WEST SACRAMENTO, Calif. — Raley’s has taken its next step along the path of helping shoppers make better eating choices by altering the layout of its cold cereal aisle.
Cereals that deliver 25% or more of their calories from added sugars are being congregated on the bottom shelf, while cereals made with less added sugar get more prominent placement.
“We know that the changes in Raley’s stores can positively influence our customers’ choices,” said Keith Knopf, president and chief executive officer of Raley’s, a privately held, family-owned operator of 129 supermarkets under the Raley’s, Bel Air Markets, Nob Hill Foods and Food Source banners.
“Our team has thoughtfully developed a system to evaluate added sugar in cold cereals. We believe between education and product placement we can help more customers identify and avoid added sugar,” Knopf said.
The change in the cereal aisle reinforces a move Raley’s made last year to introduce a shelf-tagging system similarly conceived as a way to help in-store shoppers know at a glance how the food they buy helps or hinders their goal of eating healthier.
Raley’s Shelf Guide was developed in partnership with Chicago-based Label Insight Inc. The project combines analytics and food science to establish strict standards for packaged food claims and provide label transparency. The partners developed a screening system that assigns attributes to center-store items. Bright icons placed directly on price tags convey these attributes to shoppers, telling them, for instance, whether an item is gluten free, non-GMO or free from added sugars.
In reimagining the cereal aisle, Raley’s and Label Insight developed a sugar filter equation to guide the product placement on shelf. Using the Nutrition Facts Label and a standardized one-cup serving size, Raley’s considered the total calories and total added sugars. This equation identified which cold cereals are “Higher in Added Sugar,” labeled with blue shelf tags, and which are “Lower in Added Sugar,” labeled with gold shelf tags.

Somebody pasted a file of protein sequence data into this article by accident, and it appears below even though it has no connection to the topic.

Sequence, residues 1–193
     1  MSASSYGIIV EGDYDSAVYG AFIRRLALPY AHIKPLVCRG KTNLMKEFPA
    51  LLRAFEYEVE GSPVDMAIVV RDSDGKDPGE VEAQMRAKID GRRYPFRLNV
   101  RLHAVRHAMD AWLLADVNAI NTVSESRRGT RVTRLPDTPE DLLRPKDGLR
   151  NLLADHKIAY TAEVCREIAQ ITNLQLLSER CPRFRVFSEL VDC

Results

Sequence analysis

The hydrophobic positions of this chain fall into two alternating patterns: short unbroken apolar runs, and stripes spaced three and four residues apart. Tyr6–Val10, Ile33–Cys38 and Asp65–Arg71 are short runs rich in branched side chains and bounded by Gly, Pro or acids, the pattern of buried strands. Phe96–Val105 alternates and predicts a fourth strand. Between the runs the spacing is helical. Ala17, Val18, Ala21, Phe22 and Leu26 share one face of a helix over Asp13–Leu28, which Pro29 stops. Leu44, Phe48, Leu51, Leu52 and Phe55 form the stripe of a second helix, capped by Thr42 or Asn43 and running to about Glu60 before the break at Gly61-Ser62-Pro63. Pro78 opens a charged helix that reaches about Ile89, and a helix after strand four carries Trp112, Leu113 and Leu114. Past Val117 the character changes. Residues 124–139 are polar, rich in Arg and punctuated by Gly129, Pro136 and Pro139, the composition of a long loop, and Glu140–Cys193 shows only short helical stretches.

Raley’s said it is currently analyzing calories coming from added sugar in all processed food, and it has plans to expand to additional categories.
Over the past few years, Knopf said, Raley’s traded out about 10,000 products and replaced them with products that are held to a higher nutritional standard.
In September, the grocer revamped its checkout stand to cut back on sugary snacks and replace them with more wholesome options. The new selection balances nutritional offerings and indulgence, ranging from protein-powered items and lower-calorie sweets to snacks that are low in preservatives.
In 2015, Raley’s eliminated the sale of tobacco in all of its grocery stores.
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